6. Ball Lunge: While standing, place the ball behind the body and put one foot top-down on the top of the ball. Step the other foot out about six inches, and bend both knees in a deep lunge. Make sure the knee of the front foot does not go over the toes. (For the stability-challenged, a chair or railing can provide extra support.) This advanced move will test stability as well as strength, so shoot for 8-10 reps (or as many as you can do with proper form) on each side.
7. Reverse Extension: Start with your chest on the ball, with fingertips and toes resting on the floor. Roll forward so hands are under shoulders and hips are directly touching the ball. With the feet together and the core engaged, lift the legs straight from the floor until they are in line with the torso. Hold for a beat and then repeat. Try for 12-15 reps before heading back to solid ground.
8. Standing Plank: Using a wobbly stability ball gives the shoulders and arms an extra-tough workout. With one leg extended behind, rest the elbows and forearms on the ball (for a really tough challenge, try this with straight arms). Step the other leg back so the feet are together. Hold the position as long as possible, working up to 30 seconds per set.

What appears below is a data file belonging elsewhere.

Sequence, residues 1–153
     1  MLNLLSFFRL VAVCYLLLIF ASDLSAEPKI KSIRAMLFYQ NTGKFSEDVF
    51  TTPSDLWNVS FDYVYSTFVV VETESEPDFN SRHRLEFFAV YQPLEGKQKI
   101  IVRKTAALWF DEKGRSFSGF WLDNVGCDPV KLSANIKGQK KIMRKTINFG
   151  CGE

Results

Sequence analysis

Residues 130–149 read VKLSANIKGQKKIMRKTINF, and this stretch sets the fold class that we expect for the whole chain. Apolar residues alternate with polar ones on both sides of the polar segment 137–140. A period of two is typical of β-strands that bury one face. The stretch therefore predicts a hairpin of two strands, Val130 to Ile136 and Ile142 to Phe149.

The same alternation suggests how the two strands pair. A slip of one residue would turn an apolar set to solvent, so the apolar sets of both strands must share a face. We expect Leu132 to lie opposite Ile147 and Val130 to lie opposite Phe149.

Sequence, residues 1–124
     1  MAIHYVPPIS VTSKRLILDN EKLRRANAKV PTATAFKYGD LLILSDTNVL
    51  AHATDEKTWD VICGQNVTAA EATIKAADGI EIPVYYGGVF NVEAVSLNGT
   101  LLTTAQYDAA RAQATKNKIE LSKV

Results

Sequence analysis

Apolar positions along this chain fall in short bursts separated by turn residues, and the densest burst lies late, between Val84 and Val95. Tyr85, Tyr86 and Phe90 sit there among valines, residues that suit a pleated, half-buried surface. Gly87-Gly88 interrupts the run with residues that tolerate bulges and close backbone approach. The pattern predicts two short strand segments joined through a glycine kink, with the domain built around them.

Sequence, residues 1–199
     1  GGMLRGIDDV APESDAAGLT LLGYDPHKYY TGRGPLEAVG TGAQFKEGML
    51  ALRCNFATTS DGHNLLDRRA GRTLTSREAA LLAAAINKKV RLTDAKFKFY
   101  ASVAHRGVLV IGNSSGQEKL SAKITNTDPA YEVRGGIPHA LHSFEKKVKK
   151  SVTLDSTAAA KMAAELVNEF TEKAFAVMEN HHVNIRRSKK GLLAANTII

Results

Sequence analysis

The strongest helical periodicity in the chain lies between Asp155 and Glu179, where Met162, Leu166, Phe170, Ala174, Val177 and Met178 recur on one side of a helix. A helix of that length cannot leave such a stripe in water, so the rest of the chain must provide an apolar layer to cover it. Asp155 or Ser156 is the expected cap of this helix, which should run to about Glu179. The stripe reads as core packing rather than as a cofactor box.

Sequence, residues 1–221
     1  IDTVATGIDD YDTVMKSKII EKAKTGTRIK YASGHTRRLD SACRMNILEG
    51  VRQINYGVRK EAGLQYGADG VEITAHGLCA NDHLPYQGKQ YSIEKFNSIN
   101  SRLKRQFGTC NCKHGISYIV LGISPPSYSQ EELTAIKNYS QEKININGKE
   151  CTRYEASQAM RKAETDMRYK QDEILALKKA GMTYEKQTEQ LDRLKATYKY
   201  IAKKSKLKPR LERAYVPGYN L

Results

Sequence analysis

9. Roll Out: Kneel behind the ball, with palms down on top. Slowly use the hands to push the ball forward until the triceps are resting on top of the ball and the legs are almost all the way extended with the knees on the ground. Remember: A tight core will keep the body moving straight ahead. Feeling pressure on the knees? Place a towel or yoga mat under them for a little extra TLC. Concentrate on maintaining the proper form for 10 reps straight.
10. Balance Push-Up: Take this basic bodyweight move to the next level with a stability ball. Lie facedown on the ball with hands and feet touching the ground and the stomach on the top of the ball. Walk the hands out until the shins are resting on the ball and the torso is in a flat push-up position. Lower the torso towards the ground until the upper arms are parallel to the ground. Return to the “up” push-up position and continue for 8-10 reps (or more, if you can hang).
11. Tricep Dips: Sit on the ball with legs forming 90-degree angles and feet hip-width apart. Next, place the hands on either side of the hips on the ball and slowly scoot the hips forward so they’re a few inches in front of the ball. At this point, the heels are on the ground and the hands are on the ball supporting the rest of the body. Use the triceps to lower the arms down a few inches, and then return to the starting position. Keep the back straight and abs engaged for 10-15 reps.
12. Back Extension: Start with the stomach and hips on the ball, legs extended straight behind (toes resting on the ground). Hold onto the ball with the hands for balance. If this position is difficult to maintain due to slippery shoes, try placing the feet against a wall. Raise the chest high (like a yoga “cobra”), bringing the hands to the back of the head. Hold for a beat or two, and return to a relaxed position. Repeat for 12-15 reps.